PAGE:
The History of HO Slot Cars
ABOVE: Two Ferrari Testarossa Slot Cars prepared by Werner Wittsack (ACE HOBBIES : Brisbane Qld). At top we have a PlaFit 1/24 scale version, and at bottom a Tomy Turbo HO (1/64 scale) car. The size difference is obvious....
The slot car craze has been around for more than 40 years. Australia, being a vast nation, has relied heavily on the motor vehicle as a means of transport. When you put the two together its easy to see why us "Aussies" would take to slot car racing so enthusiastically!
In the beginning HO slot cars were 1/87 scale (meaning one inch on the slot car equaled 87 inches on a real car) and designed to be a "moving accessory" for model train sets. Over the years the cars grew slightly larger in size until HO in slot car terms was generally accepted as being 1/64 scale.
The early HO cars utilised a "clockwork" motor/gear drive combination and it was only when the 1/64 version of same was released on the market by Aurora AFX (a US company) that HO slot car racing took off in Australia.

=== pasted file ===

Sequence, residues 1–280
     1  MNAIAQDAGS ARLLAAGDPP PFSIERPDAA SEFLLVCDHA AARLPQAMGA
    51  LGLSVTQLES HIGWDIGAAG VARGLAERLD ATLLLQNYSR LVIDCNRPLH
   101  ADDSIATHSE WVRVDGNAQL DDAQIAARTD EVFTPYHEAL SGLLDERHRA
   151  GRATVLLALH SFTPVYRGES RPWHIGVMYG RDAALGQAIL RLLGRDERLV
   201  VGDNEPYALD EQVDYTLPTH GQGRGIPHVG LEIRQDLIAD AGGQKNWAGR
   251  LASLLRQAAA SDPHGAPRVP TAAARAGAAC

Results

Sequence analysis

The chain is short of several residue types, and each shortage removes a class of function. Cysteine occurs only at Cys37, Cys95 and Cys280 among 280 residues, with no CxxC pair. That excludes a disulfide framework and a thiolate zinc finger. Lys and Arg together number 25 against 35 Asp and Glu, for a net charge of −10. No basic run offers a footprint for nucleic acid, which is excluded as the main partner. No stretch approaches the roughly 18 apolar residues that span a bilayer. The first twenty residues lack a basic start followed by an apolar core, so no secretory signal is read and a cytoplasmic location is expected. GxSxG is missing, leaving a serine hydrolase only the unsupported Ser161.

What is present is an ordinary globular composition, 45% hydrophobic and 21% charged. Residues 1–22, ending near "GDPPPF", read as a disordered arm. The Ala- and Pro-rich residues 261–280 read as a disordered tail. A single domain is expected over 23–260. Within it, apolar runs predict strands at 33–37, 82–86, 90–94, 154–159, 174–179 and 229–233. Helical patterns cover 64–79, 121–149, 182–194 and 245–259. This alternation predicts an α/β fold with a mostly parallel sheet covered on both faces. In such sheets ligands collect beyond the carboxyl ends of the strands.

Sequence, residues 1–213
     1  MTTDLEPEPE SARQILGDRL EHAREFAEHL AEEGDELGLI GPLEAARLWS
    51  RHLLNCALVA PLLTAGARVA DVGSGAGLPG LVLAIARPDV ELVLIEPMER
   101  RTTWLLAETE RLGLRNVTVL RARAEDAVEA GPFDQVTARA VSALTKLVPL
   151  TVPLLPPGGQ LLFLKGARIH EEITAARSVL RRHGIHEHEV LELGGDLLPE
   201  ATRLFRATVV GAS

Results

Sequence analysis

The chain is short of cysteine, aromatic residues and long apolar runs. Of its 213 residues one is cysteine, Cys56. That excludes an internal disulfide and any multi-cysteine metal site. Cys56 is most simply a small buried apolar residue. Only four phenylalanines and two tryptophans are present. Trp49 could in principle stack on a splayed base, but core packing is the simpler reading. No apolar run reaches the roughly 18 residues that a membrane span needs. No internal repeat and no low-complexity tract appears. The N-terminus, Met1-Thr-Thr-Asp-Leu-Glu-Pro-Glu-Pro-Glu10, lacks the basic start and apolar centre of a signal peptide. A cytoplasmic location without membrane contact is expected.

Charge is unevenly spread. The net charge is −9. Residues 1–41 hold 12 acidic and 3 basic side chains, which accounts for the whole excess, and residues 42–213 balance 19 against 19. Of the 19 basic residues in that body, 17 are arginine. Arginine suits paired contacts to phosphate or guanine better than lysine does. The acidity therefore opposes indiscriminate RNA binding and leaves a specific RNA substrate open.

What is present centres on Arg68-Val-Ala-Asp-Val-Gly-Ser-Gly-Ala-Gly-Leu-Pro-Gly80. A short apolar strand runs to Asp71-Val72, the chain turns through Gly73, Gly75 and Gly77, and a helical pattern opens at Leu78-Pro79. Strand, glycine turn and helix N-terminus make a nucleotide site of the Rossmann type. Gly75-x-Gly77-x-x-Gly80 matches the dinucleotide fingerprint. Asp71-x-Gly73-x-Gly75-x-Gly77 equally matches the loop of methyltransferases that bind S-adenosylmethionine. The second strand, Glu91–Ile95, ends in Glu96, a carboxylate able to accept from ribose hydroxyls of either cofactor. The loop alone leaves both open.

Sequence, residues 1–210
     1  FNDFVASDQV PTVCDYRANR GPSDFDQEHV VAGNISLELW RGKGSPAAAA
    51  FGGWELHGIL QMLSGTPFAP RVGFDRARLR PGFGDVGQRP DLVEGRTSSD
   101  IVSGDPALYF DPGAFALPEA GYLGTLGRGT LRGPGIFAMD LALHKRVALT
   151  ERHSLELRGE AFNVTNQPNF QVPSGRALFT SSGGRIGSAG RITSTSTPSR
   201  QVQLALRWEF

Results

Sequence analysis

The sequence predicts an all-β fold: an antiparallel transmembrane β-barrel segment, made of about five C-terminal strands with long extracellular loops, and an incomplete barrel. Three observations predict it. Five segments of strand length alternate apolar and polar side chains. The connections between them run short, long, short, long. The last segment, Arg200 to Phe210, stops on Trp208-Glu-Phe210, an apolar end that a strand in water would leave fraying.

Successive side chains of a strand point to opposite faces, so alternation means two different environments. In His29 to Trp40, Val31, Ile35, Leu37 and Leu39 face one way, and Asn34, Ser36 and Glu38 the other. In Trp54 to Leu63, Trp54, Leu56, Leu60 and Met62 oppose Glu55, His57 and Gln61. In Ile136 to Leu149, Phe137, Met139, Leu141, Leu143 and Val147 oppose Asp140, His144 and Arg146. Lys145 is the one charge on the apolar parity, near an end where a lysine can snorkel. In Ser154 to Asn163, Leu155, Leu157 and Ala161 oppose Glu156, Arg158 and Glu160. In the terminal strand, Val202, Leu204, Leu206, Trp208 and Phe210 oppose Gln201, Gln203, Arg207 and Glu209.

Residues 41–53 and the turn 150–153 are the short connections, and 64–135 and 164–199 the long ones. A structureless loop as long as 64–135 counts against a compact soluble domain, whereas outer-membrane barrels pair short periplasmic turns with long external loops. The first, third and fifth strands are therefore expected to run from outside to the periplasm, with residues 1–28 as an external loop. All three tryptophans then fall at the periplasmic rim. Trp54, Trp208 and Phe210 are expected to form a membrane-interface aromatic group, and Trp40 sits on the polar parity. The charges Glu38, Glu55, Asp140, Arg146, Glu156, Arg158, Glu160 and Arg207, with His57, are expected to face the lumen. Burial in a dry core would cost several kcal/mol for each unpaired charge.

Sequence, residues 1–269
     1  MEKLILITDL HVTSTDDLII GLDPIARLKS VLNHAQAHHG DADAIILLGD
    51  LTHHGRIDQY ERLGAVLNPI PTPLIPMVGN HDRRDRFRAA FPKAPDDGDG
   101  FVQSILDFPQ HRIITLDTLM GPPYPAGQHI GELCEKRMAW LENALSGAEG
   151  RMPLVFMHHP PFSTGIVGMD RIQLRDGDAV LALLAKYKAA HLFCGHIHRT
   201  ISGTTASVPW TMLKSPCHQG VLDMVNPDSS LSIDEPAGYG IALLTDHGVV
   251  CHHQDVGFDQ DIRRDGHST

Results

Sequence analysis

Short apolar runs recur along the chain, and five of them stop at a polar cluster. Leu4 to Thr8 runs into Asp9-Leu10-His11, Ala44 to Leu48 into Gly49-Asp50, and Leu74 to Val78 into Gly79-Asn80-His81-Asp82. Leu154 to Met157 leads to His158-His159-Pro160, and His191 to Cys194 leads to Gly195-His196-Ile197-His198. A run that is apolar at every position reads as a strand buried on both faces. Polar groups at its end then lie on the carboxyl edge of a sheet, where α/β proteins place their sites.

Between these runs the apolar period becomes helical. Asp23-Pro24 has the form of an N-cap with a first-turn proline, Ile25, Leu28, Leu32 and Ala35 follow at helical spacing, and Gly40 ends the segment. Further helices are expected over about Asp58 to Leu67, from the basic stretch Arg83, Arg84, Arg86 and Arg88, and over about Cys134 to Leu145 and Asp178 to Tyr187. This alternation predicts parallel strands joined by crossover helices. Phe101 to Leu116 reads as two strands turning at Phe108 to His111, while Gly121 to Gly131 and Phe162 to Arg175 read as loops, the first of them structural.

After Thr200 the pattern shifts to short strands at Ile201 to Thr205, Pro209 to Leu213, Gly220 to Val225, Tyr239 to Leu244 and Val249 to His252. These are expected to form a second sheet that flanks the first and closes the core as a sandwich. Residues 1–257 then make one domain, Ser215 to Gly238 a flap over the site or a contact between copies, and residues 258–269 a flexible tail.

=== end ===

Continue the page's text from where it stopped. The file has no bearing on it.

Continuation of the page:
Although Aurora AFX was an extremely successful company inexplicably it shut down its operations leaving a vast "HO slot car void" worldwide.
Many years later Tomy (a well known Japanese manufacturer of children’s products) purchased the Aurora AFX name and proceeded to totally revamp the product. Tomy HO cars and track quickly became accepted as a quality product, and backed by an aggressive marketing push by the Australian Distributor, sales reached ever higher levels. It has jokingly been stated that there would not be an Australian household that hasn’t been "touched" by the Tomy HO slot car craze at one time or another……….
As sales soared more and more adults became aware of the fun to be had racing these tiny vehicles. It is only in the last 6-7 years however, that the hobby/sport of HO slot car racing in OZ has really taken off. Specialist tracks have been imported from overseas by dedicated enthusiasts, a national body has been formed (Australian HO Racing Association), and the inaugural Australian Championship run and won.
What does the future hold? Its difficult to say. One thing is certain however, it promises to be a fast ride……..
ABOVE: Chris Quinn's Toyota bodied Tomy Super G+ 1/64 scale racer is not as detailed as the Werner Wittsack cars pictured at the top of this page. Where-as the Wittsack cars are more scale oriented, the Quinn machine is built for speed, and features a lightweight lexan body mounted via body pins, an independent front end, slip-on rear hubs, and slip-on silicone rear tyres.